One of the key findings in recent studies how and who donors give is that small donors give big over time, and that counts on GivingTuesday perhaps more than any other day of the year. And while it’s understandable that a nonprofit might be concerned about asking donors for money twice in December, when you’re already asking for end-of-year donations, it turns out that the people who donate on GivingTuesday and those who wait until the last five days of the year are different donors with different motivations for giving.
In our last post, we established that when it comes to GivingTuesday, there’s really no downside to putting as much effort and energy as possible into your yearly campaign. But if you’re a small nonprofit, you may not have the budget for the flashy campaign and content some of the bigger orgs will be trotting out. Fortunately, there are quite a few options for GivingTuesday fundraising that won’t break the bank.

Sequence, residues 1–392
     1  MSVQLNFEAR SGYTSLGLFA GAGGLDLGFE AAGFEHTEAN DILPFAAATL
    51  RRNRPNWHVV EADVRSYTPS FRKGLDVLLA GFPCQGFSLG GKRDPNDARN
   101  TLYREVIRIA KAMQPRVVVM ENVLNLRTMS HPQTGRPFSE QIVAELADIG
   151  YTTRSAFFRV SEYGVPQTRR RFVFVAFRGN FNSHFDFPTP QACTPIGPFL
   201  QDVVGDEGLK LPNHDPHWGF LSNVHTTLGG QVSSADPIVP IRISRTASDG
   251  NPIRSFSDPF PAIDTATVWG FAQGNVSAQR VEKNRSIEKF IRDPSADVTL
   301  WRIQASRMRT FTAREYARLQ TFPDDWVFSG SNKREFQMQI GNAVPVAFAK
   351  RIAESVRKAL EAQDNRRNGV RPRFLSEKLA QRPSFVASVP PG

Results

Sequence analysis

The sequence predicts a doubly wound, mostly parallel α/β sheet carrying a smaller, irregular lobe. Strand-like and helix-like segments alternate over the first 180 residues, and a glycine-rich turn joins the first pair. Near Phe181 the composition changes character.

As we continue our exploration of storytelling in the non-profit world, enjoy part 2 of Elements of Story. And don’t miss part one of this post here where we talked about the importance of characters and context.
In our two-part series on storytelling, we’ll explore the structural elements of story and how these elements work together to impact and engage readers. Enjoy Part 1: Character and Context and watch for Part 2 on Monday.
On any given day, the average person is bombarded by dozens of marketing and fundraising communications from businesses and nonprofits. Last year there were over 100 billion marketing emails sent every day worldwide, and that doesn’t take into account the billions of social media posts made every single day around the world that inundate your constituents’ feeds.
To put it simply, it’s hard to break through the noise. And it won’t be getting any easier moving forward.